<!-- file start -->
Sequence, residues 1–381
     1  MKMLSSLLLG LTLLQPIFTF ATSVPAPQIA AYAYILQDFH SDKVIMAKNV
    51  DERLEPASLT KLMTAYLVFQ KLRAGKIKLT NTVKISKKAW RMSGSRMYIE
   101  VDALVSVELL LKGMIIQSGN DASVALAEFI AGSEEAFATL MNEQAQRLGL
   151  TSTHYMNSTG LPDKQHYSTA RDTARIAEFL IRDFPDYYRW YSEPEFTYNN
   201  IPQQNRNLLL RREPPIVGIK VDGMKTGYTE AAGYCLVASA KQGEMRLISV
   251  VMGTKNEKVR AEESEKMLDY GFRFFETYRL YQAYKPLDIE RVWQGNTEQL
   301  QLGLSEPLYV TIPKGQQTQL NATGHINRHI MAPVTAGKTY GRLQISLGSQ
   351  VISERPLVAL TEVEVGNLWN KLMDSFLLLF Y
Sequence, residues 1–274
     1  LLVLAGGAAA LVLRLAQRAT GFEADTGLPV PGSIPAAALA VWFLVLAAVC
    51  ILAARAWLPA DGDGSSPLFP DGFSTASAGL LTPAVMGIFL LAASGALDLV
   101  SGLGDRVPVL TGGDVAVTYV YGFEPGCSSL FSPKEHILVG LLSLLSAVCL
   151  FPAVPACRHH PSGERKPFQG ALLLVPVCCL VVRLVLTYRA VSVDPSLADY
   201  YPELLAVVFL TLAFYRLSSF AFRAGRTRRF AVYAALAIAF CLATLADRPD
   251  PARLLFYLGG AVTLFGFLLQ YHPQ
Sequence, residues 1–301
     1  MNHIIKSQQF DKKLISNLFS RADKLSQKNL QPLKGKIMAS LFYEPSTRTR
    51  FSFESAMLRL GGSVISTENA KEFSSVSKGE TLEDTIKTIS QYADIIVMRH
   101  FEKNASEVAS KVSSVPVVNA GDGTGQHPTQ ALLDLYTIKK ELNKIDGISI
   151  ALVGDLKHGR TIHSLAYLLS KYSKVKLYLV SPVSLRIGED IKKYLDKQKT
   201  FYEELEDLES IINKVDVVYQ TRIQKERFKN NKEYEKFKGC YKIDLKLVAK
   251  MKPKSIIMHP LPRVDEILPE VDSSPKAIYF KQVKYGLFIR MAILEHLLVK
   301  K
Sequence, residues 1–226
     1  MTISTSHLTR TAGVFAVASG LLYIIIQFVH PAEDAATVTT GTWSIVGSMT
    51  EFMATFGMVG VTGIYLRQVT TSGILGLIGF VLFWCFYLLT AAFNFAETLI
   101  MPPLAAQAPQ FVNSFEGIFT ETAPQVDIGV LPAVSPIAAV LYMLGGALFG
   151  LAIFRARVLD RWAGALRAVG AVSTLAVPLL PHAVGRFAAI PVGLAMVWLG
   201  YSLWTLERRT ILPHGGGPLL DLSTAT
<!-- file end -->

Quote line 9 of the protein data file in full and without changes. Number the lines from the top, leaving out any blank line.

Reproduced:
   351  VISERPLVAL TEVEVGNLWN KLMDSFLLLF Y